I know they are jackrabbits because cottontails are so easy to catch. One snare I used twine and was chewed thought. I never had a cottontail crew thought, they sit all night waiting for me in the morning. And the noose on the cable snare was drawn tight, only a foot size loop.

February 27, 2009, 04:59 PM
The hay wire twist...
This vid is of singlestrand but the same deal..
This is how I make loops in wire...

February 27, 2009, 05:05 PM
OK, thank you, I understand that. Looks like it will work for cable.

February 27, 2009, 07:01 PM
It will only work on stiff cable... If it does not due to flexibility then you go to swages and swage pliers...
Best i find to show swages and swage pliers... I get mine at fishing suppliers or specialty tool house.
Hope this also helps...

February 27, 2009, 07:59 PM
Gees, never had to think about this before and did review the haywire. I make a small knot loop and just do the barrel wrap, five or six times, then slip the end back through the loop. At least this is what I'm getting away with. Did not mention this before but the loop should close tight once there is tension and sinches it in on the main line. Kind of like a hangman's knoos. Have to repeat to keep the knot loop small and make sure it slips well on your set. I'm not sure If I'd go with the lightest line. I guess we use the most common size. The critters do struggle some but not for long as the knoos and their struggle, strangles them. Gees, I hope the wife doesn't read this as she likes rabbits. :eek:
Heck, practice and you'll work it out. We also set spring traps, with small saplings and that gets them and hangs them in the air. That is unless you get one in front of the hind legs. Then they bounce around some and will eventually break your line.

Be safe !!!

February 27, 2009, 08:31 PM
I'd just use a bent washer snare, as long as your state allows the use of snares.

They're easy to make, and effective.

Do a search, or go look at trapperman.com. Seems like I saw some instructions there once, although I already knew about them.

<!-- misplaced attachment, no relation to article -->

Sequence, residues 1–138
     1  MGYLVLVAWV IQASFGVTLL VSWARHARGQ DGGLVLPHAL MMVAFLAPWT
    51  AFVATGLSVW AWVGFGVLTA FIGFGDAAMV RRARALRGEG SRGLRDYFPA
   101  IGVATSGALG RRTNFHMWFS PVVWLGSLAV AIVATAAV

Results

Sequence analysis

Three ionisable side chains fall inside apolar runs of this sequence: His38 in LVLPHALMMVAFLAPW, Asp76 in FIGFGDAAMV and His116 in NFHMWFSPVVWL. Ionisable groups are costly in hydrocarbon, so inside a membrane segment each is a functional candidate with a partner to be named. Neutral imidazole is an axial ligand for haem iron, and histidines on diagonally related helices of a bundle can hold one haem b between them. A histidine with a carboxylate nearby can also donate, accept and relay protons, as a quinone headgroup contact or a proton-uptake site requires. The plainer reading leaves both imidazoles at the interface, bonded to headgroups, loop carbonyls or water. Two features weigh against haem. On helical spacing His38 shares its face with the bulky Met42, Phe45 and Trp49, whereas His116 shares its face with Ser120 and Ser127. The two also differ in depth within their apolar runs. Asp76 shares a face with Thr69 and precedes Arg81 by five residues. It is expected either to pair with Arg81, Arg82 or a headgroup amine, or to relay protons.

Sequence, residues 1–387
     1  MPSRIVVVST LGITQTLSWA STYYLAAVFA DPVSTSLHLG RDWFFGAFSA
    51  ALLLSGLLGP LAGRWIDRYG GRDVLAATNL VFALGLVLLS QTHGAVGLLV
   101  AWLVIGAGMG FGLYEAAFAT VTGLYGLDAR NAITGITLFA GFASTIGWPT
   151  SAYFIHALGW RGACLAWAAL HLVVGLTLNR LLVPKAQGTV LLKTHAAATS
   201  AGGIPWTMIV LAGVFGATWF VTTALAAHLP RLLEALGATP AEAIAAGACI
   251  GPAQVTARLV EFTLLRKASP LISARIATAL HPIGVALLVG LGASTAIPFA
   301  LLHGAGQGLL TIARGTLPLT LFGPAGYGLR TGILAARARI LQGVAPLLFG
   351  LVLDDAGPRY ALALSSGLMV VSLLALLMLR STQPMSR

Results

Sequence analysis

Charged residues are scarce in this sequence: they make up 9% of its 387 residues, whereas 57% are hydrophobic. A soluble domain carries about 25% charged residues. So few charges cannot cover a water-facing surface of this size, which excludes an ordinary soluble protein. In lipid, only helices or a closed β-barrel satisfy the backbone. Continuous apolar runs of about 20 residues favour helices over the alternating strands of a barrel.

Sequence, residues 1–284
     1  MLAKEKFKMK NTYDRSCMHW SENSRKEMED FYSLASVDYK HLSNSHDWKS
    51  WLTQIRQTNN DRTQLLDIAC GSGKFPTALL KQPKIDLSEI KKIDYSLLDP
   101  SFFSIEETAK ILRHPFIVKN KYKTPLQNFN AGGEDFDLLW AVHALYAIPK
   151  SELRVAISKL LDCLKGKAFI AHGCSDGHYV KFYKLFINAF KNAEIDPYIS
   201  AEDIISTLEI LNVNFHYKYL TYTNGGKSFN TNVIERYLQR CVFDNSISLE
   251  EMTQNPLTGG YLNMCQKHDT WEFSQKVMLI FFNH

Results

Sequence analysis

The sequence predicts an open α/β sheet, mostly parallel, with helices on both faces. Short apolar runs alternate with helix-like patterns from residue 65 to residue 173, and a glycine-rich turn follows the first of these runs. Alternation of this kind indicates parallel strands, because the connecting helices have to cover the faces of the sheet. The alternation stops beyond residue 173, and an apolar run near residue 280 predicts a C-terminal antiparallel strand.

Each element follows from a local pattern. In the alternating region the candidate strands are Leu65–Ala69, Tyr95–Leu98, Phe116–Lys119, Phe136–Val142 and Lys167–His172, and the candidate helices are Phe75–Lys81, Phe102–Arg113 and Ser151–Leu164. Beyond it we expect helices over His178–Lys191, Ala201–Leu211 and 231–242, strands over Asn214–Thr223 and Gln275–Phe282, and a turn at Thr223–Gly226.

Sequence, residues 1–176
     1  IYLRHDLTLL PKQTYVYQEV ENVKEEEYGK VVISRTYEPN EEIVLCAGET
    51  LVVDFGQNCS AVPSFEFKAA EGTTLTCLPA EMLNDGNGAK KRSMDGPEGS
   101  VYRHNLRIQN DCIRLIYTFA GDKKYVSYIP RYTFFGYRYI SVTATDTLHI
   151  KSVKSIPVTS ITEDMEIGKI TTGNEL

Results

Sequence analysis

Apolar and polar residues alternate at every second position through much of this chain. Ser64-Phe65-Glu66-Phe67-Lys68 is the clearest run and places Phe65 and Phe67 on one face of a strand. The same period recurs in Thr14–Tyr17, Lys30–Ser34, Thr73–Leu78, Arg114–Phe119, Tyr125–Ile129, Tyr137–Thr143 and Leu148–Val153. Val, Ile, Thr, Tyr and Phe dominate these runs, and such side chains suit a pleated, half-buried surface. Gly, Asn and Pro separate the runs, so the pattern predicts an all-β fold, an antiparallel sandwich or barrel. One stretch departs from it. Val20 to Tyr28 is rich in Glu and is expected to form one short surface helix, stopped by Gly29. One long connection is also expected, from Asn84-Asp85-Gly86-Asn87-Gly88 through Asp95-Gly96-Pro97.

February 27, 2009, 09:45 PM
I appreciate all the help.

The bent washer snare sounds interesting. I have only found close up shots, does it loop like the attached picture?

I got a jackrabbit at dusk today!! I had to use a shotgun though. (too much fencing for a rifle)

February 28, 2009, 07:14 AM

Yep, that's pretty much it. You can make a solid loop on the other end of the cable to use in securing the snare to a fence post, etc. Just feed the snare through the fixed loop in the end to form a "lasso" to slip around a post, tree, or whatever.

When you drill the slide-hole in the washer, use a drill bit that's just slightly larger than the cable (I.E. 1/16th inch cable, and a 3/32 inch drill bit).

The critters don't slip out.

Oh, and you can put one of those "barrels" shown in the picture of the snare in a position to keep the loop from getting small enough to catch a deer's leg, dog's leg, etc. Since it won't get small enough to lock on the leg, the leg slips out. You prevent catching larger animals by using that, and setting the snares at rabbit level, rather than high enough to catch the head of the larger critters.

Snares can be made and set to target very specific animals; you just need to be sure to use certain precautions to keep from catching something that can get you into trouble.

Oh, and congrat's on catching the jackrabbit.